Disease, Diagnoses, and Dollars: Facing the Ever-Expanding Market for Medical Care / Edition 1

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Controversial as it questions the foundations of preventive medicine Timely criticism of the health care industry and the costs of health care Challenges established definitions of disease, specifically in cancer, cholesterol, diabetes, obesity Disease, Diagnoses, and Dollars Facing the Ever-Expanding Market for Medical Care Robert M. Kaplan, UCLA School of Public Health, Los Angeles, CA Close to 50 Million Uninsured, Steeply Rising Insurance Premiums, Employers Cutting Healthcare Benefits . . . There's plenty wrong with this picture. In Disease, Diagnoses, and Dollars, public health expert Robert Kaplan takes America's healthcare industry to task and challenges readers to examine their own roles in it. Provocative, timely, and comprehensively researched, this book analyzes the current healthcare crisis in terms of medical culture, economics, and advertising. The findings reveal a system fraught with conflicts-contradictory healthcare policies, providers who over-test and over-prescribe, patients with unrealistic demands fueled by the media-and throughout, an absence of accountability. Much of preventive medicine, Kaplan persuasively argues, comes down to the selling of expensive pills and procedures that drive up costs while subjecting the population to unneeded risks and complications. And the end result, he argues, is excess care for many people, and a dearth of care for many more. Kaplan's informed, practical, and constructive approach makes Disease, Diagnoses, and Dollars a "must-read" volume for policymakers and professionals in public health and healthcare, and for business owners as well as ordinary citizens and consumers concerned with the viability of healthcare in America.

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Editorial Reviews

Doody's Review Service
Reviewer: Carole Ann Kenner, PhD, RN, FAAN (The College of New Jersey)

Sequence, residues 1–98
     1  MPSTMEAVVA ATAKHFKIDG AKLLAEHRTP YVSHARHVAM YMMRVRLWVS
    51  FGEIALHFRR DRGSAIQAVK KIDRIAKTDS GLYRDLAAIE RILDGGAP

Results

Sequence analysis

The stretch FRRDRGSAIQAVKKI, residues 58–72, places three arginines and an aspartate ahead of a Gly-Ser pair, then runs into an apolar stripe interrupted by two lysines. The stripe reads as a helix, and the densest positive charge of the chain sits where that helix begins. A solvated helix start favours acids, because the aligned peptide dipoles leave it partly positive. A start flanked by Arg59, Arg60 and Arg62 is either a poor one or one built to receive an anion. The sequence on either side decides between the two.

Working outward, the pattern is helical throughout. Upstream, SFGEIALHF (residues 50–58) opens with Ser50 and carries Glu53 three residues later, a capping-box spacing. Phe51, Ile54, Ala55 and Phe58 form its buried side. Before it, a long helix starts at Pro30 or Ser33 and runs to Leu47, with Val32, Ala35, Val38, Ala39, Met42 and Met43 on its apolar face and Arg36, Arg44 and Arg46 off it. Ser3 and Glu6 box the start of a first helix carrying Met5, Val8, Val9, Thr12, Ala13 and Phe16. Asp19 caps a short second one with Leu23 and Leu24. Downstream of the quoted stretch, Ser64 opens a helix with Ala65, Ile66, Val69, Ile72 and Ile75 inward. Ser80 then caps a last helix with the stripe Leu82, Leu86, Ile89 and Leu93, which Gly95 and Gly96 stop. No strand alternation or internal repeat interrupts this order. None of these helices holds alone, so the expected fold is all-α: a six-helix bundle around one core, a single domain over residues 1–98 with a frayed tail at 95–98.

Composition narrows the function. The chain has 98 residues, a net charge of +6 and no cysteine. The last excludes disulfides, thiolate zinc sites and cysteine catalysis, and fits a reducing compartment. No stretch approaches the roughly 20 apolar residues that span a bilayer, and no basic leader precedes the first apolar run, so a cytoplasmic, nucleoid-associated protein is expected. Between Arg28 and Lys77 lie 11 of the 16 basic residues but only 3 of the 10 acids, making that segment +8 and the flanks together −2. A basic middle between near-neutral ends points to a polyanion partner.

Description: This book discusses points of tension in the U.S. healthcare system and places the burden on readers to critically think about the paradoxes consumers face.
Purpose: The purpose is to discuss differences between what is presented by healthcare providers and what consumers may actually need. The lack of accountability in healthcare delivery is a recurring theme to evoke critical discussions or thoughtful analysis by readers.
Audience: The intended audience includes health providers and consumers. However, the content is too high level and technical for most consumers.
Features: The book includes excellent topics, starting with the disease framework of healthcare, moving to specific areas of mental health, chronic illness, then into screening for cancer, blood pressure, cholesterol, diabetes, and obesity. The final section discusses shared decision-making and practice guidelines. The author suggests that practice guideline development has been supported in many instances by pharmaceutical companies. The definitions used in these guidelines have not always been strongly evidence-based or consistent. These are important points to consider and determine if the author's assessment is accurate. The book had little information on the Institute of Medicine's reports regarding quality that have influenced healthcare delivery, which is a shortcoming.
Assessment: There are many health policy books that address ineffectiveness of healthcare delivery. No other book really questions the underpinnings of our health outcomes/parameter definitions or whether the guidelines are serving a corporate rather than individual purpose.
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Product Details

  • ISBN-13: 9780387740447
  • Publisher: Springer New York
  • Publication date: 11/13/2008
  • Edition description: 2009
  • Edition number: 1
  • Pages: 190
  • Product dimensions: 6.10 (w) x 9.30 (h) x 1.10 (d)

Meet the Author

Robert M. Kaplan is Professor and Chair of the Department of Health Services at the UCLA School of Public Health. He is also a Professor of Medicine at the UCLA David Geffen School of Medicine. He has been elected president of four different academic societies and has served as editor-in-chief for two major journals. Kaplan is the author or editor of 16 books and more than 400 articles or chapters. In 2005, he was elected to the Institute of Medicine of the National Academies of Science.
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Table of Contents

Disease, Outcomes, and Money.- The Disease-Reservoir Hypothesis.- Mental Models of Health and Healthcare.- What Is Disease and When Does It Begin?.- Screening for Cancer.- Deciding When Blood Pressure Is Too High.- The Cholesterol Cutoff.- Diabetes, Obesity, and the Metabolic Syndrome.- Cost-Effectiveness and Opportunity Costs.- Shared Medical Decision-Making.- Putting the Pieces Together.

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    Posted May 2, 2009

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